Updated as of December 2018
With the ever-growing opioid crisis and the President’s call to action to address that crisis particularly through the signing of the Substance Use-Disorder Prevention that Promotes Opioid Recovery and Treatment for Patients and Communities Act or the SUPPORT for Patients and Communities Act, P.L. 115-271 in October, 2018 , primary care, pain management and behavioral health providers in particular may be faced with privacy issues dealing with a patient’s family, friends or others in relation to treatment for opioid abuse. What can a provider disclose to others in the aftermath of an overdose in order to assist a patient’s recovery efforts and prevent future incidents? What information can a provider share about a patient’s condition and treatment in such a situation?
The discussion in this article highlights the tale of two federal laws addressing patient confidentiality each of which has vastly different policy considerations behind it. One law is an attempt to promote the free exchange of certain patient information in order in improve access to information among persons with a need to know and the streamline health care delivery while the other is an attempt to insulate the free exchange of certain substance use information in an effort to encourage treatment and recovery. These diametrically opposed policy purposes presents many legal quagmires for health care professionals and family members looking to “just do what is right for the patient.”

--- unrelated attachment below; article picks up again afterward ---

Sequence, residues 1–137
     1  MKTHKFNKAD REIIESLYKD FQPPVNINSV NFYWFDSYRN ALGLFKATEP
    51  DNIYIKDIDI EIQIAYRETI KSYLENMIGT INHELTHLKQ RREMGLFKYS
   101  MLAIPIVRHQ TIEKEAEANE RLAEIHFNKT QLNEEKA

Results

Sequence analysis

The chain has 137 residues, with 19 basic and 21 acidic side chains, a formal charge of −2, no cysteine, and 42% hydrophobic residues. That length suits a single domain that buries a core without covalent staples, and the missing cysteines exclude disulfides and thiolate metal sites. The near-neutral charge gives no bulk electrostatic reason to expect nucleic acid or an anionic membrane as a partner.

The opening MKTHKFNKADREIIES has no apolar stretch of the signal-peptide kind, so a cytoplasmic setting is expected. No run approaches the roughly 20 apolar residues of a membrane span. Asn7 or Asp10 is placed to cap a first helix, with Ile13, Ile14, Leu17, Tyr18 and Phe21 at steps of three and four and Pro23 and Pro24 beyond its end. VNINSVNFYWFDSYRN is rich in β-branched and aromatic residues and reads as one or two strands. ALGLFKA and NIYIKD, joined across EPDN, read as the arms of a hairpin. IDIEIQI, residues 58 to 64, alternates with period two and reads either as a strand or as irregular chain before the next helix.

The Health Insurance Portability and Accountability Act (“HIPAA”) prohibits disclosure of a person1s protected health information (“PHI”) to family members, friends or others involved in the patient’s care (or payment for care) without patient consent except for certain defined situations.
In the event an individual is disoriented, unconscious or otherwise incapacitated, a medical provider may provide information to others without the patient’s permission so long as sharing that information is: (1) in the best interest of the patient; and (2) the information shared is directly related to the patient’s care. Thus, a provider may exercise his or her judgment to advise family or others that an opioid overdose occurred, describe the patient’s condition and how the patient is being treated as a result.
However, when a patient possesses decision making capacity, a provider may only share information without the patient’s consent if sharing that information is for the purpose of avoiding or lessening an imminent threat to the patient’s health or safety. Put another way, a provider may disclose information about the patient’s opioid use or abuse to someone who the provider has a good faith basis to believe could reasonably lessen or prevent further harm from continued opioid use or abuse following the patient’s discharge. For example, a provider may share information with others in order to help prevent a future overdose, decrease ongoing dependence, or to assist in seeking treatment. Other appropriate discussions potentially include alternate treatment for pain management, efforts to break an addictive cycle, explanation and treatment of withdrawal symptoms and relapse prevention strategies. In contrast, a provider should avoid disclosing information about a patient’s history of substance abuse to a family member who the patient may live with but has no involvement in the patient’s care or treatment.